It has been a long time since the Red Sox and Yankees played a September series like this in which both teams had so much skin in the game. Maybe too long.
The Red Sox, who continue to be one of the great surprises in baseball this season, come into the three-gamer at Fenway Park as the leader in the American League Wild Card race, two games ahead of the Yankees. The Yankees? They just scratched their way past the Blue Jays to get into the second AL Wild Card spot by sweeping Texas. It is unlikely that both the Red Sox and Yankees will miss the postseason. But they both still could. And it is likely that one of them might.
So there will be the feeling and sharp edge of knockout September baseball for the first time in a while, when Gerrit Cole goes against Nathan Eovaldi. The Yankee ace against the guy who was the Red Sox’s ace until Chris Sale came back. By the end of this one, the Red Sox will be three up in the AL Wild Card with a week to play. Or the Yankees will be back to within a game.
The games between these two teams always seem to matter, of course. No one will ever forget when what is known as The Rivalry was as good and heated and memorable as it has ever been, and likely will be. There were 38 regular-season games played between the Red Sox and the Yankees in those seasons (2003 and ‘04; Boston won 20 and New York 18), and those were just the appetizers.
Because then they twice played each other in the most dramatic events between them since Bucky Dent’s home run won a one-game playoff between them in Fenway Park on Oct. 2, 1978, the year that the Yankees came from 14 1/2 games back to finally catch the Sox the last week of the regular season.
Then came 2003 and a Game 7 won by the Yankees in the bottom of the 11th of Game 7 of the ALCS at the old Yankee Stadium, where the current Yankees manager, Aaron Boone, hit a walk-off homer out to left off Tim Wakefield. The very next year, the Red Sox didn’t just come back. They wrote the greatest comeback in baseball history and maybe sport history, coming from three games to none behind, and finally winning Games 6 and Game 7 at the old Stadium, on their way to winning their first World Series since 1918, when they still had this guy Babe Ruth.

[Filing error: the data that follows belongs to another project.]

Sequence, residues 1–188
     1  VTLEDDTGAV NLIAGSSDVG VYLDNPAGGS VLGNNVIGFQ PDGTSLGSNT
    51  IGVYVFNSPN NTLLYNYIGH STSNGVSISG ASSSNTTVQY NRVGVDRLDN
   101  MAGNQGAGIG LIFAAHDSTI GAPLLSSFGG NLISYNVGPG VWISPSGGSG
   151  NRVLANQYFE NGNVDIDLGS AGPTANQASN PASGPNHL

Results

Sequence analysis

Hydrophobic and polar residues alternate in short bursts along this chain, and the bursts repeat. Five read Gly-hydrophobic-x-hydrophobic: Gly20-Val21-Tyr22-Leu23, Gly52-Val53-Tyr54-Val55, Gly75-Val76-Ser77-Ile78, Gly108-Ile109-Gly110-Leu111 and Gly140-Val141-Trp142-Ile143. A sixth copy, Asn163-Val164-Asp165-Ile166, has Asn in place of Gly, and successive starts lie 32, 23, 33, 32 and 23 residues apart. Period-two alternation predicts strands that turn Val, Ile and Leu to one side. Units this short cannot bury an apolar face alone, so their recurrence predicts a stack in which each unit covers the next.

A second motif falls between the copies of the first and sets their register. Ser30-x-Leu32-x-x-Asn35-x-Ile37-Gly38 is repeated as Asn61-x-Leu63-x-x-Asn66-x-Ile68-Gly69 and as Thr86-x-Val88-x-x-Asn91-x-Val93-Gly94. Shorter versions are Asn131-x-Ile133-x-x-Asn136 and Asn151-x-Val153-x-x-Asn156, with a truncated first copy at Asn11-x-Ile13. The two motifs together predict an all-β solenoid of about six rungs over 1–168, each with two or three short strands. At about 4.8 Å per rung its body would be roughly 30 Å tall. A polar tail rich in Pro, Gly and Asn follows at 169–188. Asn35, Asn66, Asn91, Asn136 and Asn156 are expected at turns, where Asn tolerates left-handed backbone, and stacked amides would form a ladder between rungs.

In memory, it seemed like all of the nine-inning games in those years tried to make it past four hours. There was an incident that ended with Pedro Martinez putting Yankees coach Don Zimmer on the ground. There was another one at Fenway, where Jason Varitek stuck his catcher’s mitt in Alex Rodriguez’s face to another fracas between the two teams. And that’s just the short list.
“I came to hate those games,” Joe Torre joked to me one time.
It was like that in 2003 and ’04. But nobody talks much about the race in the AL East between the two teams that happened in 2005, when they ended up tied at 95-67 after a three-game series at Fenway, and the Yankees won the division because they had won the season series from the Sox.
That season is worth remembering now because it also produced a September weekend series between them -- at the Stadium that time -- that feels like the one we’ll get this weekend at Fenway. That time, the Yankees were still trying to catch the Red Sox in mid-September, and the Indians had gotten hot enough to look as if they might knock out either the Sox or the Yanks from the AL Wild Card.
The Red Sox and Yankees had split the first two games of the series. The rubber game on Sunday was between Randy Johnson and Wakefield. It came the day after Johnson’s 42nd birthday, and even though his Yankees career was not what anyone expected it to be -- the following season he won 17 games with an ERA of 5.00 -- he produced not just his best performance as a Yankee, but one of the most intense 1-0 games any Red Sox-Yankees series had seen.
Johnson struck out eight that day against two walks in seven innings. The only run came on a Jason Giambi home run in the first. Wakefield only gave up three hits in defeat. The Yankees would go on to pass the Red Sox and take the division. The Red Sox got the one AL Wild Card spot in play in those days. In the end, Cleveland came up a couple of games short.
“That’s the pitcher that everybody expected, and that’s the pitcher that I expected,” Johnson said when it was over that day.
Cole against Eovaldi this time around. But a series, 16 years later, that feels a lot like the one in 2005. Three years ago, the Red Sox and Yankees played a hard, four-game division series that wasn’t settled until the bottom of the ninth of Game 4. This one, this weekend, feels a little like that. Sometimes this is The Rivalry in name only. Not this weekend at Fenway. A lot of skin in the game. For both of them. Like the old days.